Moydow

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Quick Summary

Location
53°39'50"N
007°47'16"W
Country
 Ireland
Categories
  • Historical
  • Nature
  • Sacral
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Description

Moydow (Irish: Maigh Dumha, meaning 'plain of the mound') is a village on the outskirts of Longford Town in County Longford, Ireland. Moydow contains an old disused post office, a disused schoolhouse used as a community centre, two pubs, a Roman Catholic church and a disused Church of Ireland church.

History

Moydow was once part of a territory known as Tethbae. The barony was formed from the territories of Clanawlye (Ardagh and Moydow), and parts of the territories of Moybrawne (Taghshinny parish), Clanconnor (part Kilcommock, part Cashel parishes), and Muintergalgan. Its ancient name was Cill-Modhint after St. Modhint's church, which was destroyed by fire in 1155. Also in this area are the ruins of the oldest nunnery in Ireland. According to the History of County Longford (published 1898), in 858 BC an army composed of Lagenians, Connacians, and the southern Hy Nialls, marched to Fiachla, under the conduct of Mael-saghlin, the son of Maelrony, and encamped at Moydumha, in the vicinity of Ardagh.The ancient name of this parish was Kilmodhain, or Kilmacdhumha, so called from being the kil or cell of St. Modhain, or Modiud the Simple, whose feast is celebrated on 12 February, according to the Lives of the Saints. St. Modan lived about the year 591, when he was made a bishop of Carnfurbuidhe. He had erected the Priory of Moydow, no ruins of which now exist. It is said that one Brclaus, a disciple and presbyter of St. Patrick, was a presbyter here for some time after its erection. O'Donovan says this was one of the oldest priories in Ireland.The parish comprises 45,771 statute acres, of which about 1,203 are bog. A peculiar kind of stone, called puddingstone, is found on the isolated mountain of Slieve Gouldry, on the southern confines of the parish, and there is a quarry of freestone, which was worked for flags.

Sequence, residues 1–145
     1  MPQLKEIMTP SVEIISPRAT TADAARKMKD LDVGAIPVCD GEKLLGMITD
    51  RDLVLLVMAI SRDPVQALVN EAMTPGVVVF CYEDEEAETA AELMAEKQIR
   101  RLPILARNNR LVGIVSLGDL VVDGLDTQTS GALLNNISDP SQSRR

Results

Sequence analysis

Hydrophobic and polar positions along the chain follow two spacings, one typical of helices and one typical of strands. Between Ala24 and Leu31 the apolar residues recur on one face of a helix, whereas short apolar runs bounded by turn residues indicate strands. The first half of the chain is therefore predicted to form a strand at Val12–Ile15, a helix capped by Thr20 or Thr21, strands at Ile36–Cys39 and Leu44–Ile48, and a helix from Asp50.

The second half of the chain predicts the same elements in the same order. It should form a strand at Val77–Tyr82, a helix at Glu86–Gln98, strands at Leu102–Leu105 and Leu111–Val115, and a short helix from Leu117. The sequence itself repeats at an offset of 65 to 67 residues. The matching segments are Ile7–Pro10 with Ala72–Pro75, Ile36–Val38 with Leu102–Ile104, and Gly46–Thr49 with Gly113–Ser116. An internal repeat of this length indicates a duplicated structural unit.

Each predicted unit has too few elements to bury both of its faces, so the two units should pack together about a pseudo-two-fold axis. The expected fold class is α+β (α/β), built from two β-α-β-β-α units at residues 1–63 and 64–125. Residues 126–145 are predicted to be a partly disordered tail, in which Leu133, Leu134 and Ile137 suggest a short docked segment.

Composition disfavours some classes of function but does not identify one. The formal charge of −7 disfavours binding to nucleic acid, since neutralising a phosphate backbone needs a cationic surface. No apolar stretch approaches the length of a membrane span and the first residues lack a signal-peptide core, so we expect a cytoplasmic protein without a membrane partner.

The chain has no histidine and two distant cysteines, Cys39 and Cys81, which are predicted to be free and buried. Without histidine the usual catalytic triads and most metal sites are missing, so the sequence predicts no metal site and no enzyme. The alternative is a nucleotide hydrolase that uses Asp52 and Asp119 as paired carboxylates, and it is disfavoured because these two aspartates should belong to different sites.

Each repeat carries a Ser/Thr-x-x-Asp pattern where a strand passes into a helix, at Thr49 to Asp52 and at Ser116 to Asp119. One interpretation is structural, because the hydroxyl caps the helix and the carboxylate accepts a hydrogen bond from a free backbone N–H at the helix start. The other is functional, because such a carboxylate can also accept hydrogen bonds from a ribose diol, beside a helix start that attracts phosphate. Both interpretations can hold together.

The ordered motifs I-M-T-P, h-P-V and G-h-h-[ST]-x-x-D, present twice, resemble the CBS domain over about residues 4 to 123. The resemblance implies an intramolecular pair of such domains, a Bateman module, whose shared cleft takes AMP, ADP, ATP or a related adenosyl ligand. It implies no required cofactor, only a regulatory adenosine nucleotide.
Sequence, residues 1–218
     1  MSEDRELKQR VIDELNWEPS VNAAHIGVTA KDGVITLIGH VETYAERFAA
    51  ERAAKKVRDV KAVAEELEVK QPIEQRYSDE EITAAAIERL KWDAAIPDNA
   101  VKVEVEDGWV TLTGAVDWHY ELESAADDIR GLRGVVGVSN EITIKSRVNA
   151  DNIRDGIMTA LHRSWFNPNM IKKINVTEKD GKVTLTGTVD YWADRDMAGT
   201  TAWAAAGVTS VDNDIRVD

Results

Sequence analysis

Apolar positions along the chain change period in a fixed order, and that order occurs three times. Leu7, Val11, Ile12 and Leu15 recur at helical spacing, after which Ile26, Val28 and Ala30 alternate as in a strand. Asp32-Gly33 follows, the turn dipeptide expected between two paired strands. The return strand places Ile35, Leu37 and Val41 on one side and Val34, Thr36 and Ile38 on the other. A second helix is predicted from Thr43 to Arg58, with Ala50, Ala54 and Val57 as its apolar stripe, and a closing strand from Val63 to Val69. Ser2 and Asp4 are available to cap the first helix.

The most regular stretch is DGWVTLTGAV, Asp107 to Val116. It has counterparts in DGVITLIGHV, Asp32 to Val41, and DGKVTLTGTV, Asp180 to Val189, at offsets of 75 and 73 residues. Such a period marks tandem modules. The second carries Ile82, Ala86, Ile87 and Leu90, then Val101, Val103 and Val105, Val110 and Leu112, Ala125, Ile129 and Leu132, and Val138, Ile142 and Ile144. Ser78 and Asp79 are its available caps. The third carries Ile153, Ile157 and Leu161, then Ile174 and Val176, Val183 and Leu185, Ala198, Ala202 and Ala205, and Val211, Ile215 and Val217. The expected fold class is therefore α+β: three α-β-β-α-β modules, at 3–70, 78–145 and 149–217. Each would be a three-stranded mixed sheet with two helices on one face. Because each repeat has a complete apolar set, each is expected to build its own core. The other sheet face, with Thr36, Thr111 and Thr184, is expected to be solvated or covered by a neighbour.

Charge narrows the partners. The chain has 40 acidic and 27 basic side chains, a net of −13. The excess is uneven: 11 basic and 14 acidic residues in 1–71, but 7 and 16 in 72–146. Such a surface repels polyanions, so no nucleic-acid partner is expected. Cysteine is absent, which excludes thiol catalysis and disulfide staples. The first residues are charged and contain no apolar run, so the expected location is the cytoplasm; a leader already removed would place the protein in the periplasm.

Folklore

A nearby mountain, known as Slieve Gauldry or Castlerea Mountain, was in ancient times called Brigh Leath (Bri Leath). A legend about it appears in the Book of Tara. A comely chieftain's son, named Leath, loved Bri, the beautiful daughter of a powerful chief who lived on this hill, then called Tu Uynahearinaghtrihi. Leath came with his servants to Midir and approached her father, asking for Bri's hand. Midir refused to give her away, whereupon a fight ensued, and Leath was killed. Bri, who had fled her father's house, returned and died of a broken heart.

Saint Cremhthann of Moydow

Extracts relating to Saint Cremtand or Saint Cremhthann of Moydow can be found in the book Lives of the Irish Saints by John O'Hanlon, published 1923.

Built heritage

Moydow Castle